Considerable evidence exists concerning the making and wearing of rings in the Renaissance. Their appearance in painted portraits confirms that they continued to be worn on multiple fingers, suspended from chains and ribbons, sewn onto sleeves or hats, and so forth. When not worn they were sometimes stored on parchment rolls or in neatly compartmentalized boxes, known from documents and paintings. In the Renaissance, the medieval practice of using uncut stones was abandoned in favor of faceting; table-cut facets were among the earliest and most popular, but other cuts rapidly followed. Making rings that would show off best the qualities of the stone became a skill that exercised the virtuosity of cutters, chasers, engravers, enamellers, and goldsmiths sometimes in collaboration. The highly sculpturesque quality of most Renaissance and Baroque rings can be compared with the striving for greater veracity that characterizes the monumental arts of this period.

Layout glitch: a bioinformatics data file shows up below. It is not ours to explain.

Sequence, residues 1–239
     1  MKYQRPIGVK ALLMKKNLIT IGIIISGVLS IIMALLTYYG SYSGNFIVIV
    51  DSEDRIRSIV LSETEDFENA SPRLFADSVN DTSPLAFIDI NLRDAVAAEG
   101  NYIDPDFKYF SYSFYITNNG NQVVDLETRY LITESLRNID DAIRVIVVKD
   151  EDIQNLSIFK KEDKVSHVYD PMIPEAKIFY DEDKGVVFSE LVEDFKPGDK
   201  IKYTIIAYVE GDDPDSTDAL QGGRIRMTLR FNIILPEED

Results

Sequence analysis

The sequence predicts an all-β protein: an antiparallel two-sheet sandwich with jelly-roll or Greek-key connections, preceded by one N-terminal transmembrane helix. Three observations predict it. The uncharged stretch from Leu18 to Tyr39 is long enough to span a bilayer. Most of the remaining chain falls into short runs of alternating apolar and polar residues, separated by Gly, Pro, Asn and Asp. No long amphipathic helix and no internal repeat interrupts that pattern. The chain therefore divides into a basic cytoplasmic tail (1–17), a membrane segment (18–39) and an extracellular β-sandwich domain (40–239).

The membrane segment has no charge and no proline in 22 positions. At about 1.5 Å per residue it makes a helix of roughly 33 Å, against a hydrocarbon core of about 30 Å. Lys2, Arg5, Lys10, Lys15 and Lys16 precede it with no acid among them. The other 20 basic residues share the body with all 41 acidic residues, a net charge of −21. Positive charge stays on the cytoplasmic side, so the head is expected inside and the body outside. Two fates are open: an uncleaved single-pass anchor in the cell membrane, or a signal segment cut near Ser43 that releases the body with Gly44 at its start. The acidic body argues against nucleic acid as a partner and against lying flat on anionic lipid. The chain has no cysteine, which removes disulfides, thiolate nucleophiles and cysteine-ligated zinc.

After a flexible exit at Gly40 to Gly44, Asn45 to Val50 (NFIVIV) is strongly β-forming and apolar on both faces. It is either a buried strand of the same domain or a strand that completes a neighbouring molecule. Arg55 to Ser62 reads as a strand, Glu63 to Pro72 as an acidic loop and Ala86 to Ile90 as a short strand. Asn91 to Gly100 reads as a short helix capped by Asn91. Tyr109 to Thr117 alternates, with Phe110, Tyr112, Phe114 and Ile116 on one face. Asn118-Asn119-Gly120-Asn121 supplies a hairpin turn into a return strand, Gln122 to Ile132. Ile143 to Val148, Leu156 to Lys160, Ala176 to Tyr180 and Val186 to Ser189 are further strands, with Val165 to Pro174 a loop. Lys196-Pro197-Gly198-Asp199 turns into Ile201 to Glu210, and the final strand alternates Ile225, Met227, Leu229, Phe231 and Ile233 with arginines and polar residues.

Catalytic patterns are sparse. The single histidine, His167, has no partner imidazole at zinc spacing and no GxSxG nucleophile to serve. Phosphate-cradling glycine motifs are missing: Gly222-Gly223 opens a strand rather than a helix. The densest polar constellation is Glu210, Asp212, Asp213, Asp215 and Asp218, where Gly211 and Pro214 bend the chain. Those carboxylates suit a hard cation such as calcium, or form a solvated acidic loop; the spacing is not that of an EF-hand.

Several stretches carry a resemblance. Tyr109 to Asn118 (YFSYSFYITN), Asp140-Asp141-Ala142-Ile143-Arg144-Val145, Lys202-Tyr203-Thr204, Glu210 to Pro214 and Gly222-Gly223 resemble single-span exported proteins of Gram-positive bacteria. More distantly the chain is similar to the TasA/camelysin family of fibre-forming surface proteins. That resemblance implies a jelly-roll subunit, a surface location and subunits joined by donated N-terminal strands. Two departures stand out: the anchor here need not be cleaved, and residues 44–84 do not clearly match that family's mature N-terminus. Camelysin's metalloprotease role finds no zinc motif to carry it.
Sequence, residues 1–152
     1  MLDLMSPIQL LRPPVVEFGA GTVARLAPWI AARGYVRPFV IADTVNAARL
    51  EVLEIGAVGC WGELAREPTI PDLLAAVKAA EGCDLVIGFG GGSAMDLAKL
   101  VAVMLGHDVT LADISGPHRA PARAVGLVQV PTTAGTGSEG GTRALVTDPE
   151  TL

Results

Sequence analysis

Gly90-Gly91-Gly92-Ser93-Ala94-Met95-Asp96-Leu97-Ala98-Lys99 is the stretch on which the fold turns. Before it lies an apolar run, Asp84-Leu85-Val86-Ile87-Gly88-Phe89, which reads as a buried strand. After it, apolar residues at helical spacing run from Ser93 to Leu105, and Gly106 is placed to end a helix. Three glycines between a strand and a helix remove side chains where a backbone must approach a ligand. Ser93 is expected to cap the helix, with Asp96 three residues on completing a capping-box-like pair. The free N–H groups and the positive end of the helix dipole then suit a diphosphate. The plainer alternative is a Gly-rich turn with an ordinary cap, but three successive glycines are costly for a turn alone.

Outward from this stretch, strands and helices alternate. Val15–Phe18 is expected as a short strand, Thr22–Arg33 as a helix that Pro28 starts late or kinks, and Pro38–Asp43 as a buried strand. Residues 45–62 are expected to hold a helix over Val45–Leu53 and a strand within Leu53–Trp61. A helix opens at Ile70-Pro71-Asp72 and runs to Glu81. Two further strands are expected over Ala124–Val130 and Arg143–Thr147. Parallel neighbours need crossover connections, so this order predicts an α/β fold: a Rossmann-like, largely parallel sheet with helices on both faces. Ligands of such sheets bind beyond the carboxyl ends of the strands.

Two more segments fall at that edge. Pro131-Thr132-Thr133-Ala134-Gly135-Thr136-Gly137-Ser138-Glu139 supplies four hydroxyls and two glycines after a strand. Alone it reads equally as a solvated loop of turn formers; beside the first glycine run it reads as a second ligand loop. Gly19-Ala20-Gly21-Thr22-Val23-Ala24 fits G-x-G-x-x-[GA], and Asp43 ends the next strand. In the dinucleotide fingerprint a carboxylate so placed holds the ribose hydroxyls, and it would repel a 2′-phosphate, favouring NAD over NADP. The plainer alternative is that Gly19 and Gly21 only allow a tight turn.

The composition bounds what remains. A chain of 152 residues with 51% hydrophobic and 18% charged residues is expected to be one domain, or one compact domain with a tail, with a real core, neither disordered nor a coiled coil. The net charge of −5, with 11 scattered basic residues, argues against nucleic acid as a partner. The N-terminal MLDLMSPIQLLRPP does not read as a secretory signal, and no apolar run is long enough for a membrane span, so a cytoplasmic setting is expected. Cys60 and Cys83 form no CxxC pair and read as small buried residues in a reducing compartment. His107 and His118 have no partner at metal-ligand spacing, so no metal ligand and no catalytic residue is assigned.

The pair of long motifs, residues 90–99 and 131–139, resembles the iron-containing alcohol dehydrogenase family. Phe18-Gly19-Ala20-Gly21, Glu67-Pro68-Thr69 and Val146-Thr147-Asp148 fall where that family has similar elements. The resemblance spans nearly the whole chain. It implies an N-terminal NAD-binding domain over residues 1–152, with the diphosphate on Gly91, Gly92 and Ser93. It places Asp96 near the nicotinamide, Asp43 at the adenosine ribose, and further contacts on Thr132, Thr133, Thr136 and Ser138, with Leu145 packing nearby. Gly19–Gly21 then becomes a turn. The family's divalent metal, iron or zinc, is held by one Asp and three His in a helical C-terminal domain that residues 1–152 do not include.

By far the most common type of ring from the Renaissance was the boxed bezel set with faceted stones in highly ornate geometric bezels with intricate articulated shoulders, sometimes with protruding volutes, the whole richly enameled. Surviving drawings for rings by sixteenth-century goldsmith-designers Etienne Delaune, Pierre Woeiriot, and René Boyvin record variations on this type. Often reviving classical subjects and motifs, numerous cameos and intaglios also date from this era, produced under illustrious, often princely, patronage. By the sixteenth century the careers of famous gem-cutters can be reconstructed; they include Valerio Belli, Alessandro Cesati, Alessandro Masnago, and Francesco Torino. However, few Renaissance cameos and intaglios appear in their original mounts, because they were often made not as rings but rather as virtuoso carvings, kept in drawers in cabinets and taken out and admired by Renaissance princes.